At the same time, the National Federation of Independent Business announced this week that many small businesses were looking to hire but were having trouble finding qualified labor.

This is yet another instance of a so-called K-shaped recovery, where one group recovers much faster than the other. Just this week, Jefferies unveiled a new S&P 500 price target of 3,750 for 2021, showing a fairly bullish outlook for these 500 large American companies — especially given the likely election outcome.

Ethan Wolff-Mann is a writer at Yahoo Finance focusing on consumer issues, personal finance, retail, airlines, and more. Follow him on Twitter @ewolffmann.


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By: Ethan Wolff-Mann



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Neil Bradley of the U.S. Chamber of Commerce discusses concern about social unrest after the election, small businesses supporting an economy amid the coronavirus pandemic, and why the US Chamber of Commerce doesn’t support presidential candidates. #2020election#coronavirus#ChamberofCommerce Subscribe to Yahoo Finance: About Yahoo Finance: At Yahoo Finance, you get free stock quotes, up-to-date news, portfolio management resources, international market data, social interaction and mortgage rates that help you manage your financial life. About Yahoo Finance Premium: With a subscription to Yahoo Finance Premium, get the tools you need to invest with confidence. Discover new opportunities with expert research and investment ideas backed by technical and fundamental analysis. Optimize your trades with advanced portfolio insights, fundamental analysis, enhanced charting, and more. To learn more about Yahoo Finance Premium please visit: Connect with Yahoo Finance: Get the latest news: Find Yahoo Finance on Facebook: Follow Yahoo Finance on Twitter: Follow Yahoo Finance on Instagram: Follow Follow Yahoo Finance Premium on Twitter:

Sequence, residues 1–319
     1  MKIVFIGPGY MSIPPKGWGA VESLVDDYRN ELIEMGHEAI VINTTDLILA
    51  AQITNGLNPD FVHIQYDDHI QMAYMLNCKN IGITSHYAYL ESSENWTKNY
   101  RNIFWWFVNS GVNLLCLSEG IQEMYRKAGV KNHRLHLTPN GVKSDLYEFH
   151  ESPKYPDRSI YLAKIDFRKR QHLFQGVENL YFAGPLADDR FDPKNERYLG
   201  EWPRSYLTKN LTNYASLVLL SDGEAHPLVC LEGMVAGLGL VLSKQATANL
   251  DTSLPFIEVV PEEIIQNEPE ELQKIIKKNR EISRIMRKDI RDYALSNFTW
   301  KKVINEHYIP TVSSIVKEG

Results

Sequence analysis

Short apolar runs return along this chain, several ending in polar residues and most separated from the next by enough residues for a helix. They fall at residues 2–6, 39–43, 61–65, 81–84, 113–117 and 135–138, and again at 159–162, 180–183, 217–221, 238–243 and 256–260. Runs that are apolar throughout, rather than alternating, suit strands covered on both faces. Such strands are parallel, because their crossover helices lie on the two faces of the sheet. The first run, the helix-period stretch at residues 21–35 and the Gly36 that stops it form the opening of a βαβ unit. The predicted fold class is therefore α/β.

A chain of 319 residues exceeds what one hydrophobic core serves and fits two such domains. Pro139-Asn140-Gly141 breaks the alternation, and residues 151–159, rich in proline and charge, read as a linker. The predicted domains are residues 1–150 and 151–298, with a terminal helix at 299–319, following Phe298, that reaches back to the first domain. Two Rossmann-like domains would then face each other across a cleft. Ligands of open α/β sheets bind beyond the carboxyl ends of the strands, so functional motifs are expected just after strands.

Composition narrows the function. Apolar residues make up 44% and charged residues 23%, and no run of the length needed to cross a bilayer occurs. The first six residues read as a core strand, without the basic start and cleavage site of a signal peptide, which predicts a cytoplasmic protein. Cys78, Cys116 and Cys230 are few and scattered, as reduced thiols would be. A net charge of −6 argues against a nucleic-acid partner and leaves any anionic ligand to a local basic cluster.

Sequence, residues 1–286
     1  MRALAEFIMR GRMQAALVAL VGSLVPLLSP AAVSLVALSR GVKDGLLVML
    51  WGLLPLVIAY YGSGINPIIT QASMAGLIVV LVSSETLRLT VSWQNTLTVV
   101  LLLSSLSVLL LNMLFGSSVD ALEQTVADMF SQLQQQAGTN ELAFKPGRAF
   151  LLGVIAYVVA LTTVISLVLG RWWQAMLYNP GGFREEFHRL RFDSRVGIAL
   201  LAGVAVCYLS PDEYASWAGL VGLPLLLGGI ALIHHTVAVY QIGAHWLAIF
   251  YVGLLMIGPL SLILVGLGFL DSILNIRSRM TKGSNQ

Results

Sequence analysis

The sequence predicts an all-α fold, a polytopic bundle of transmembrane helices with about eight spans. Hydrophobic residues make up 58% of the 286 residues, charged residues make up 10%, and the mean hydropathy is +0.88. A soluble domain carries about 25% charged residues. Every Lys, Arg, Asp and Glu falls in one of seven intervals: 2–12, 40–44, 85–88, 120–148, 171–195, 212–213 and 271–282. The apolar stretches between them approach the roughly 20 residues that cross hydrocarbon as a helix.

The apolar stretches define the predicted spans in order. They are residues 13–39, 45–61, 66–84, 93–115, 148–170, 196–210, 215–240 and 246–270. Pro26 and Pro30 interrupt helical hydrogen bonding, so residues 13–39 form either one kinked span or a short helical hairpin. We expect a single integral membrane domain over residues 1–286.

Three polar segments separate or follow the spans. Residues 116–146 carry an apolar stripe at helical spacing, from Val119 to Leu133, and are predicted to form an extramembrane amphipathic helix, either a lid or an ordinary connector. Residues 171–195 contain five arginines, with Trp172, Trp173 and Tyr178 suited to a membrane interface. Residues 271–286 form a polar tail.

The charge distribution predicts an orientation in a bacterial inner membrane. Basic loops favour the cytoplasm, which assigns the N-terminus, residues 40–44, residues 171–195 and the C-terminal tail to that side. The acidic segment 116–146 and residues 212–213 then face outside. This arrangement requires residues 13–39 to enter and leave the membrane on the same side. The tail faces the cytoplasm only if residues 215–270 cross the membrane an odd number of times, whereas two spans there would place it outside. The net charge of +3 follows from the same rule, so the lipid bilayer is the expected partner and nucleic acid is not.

Hospital Beds Filling, Bars Closing With Nearly All Threshold

Countries across Europe are imposing new restrictions as the second wave of coronavirus infections that’s swept across the region since summer-time has recently taken a turn for the worse—seeping into older, more vulnerable populations and driving a surge in hospitalizations.

Key Facts

All but three European countries—Cyprus, Finland and Norway—have reached the European Centre for Disease Prevention and Control’s (ECDC) coronavirus alarm threshold, which designates countries reporting above 20 cases per 100,000 residents on a seven-day average at high risk.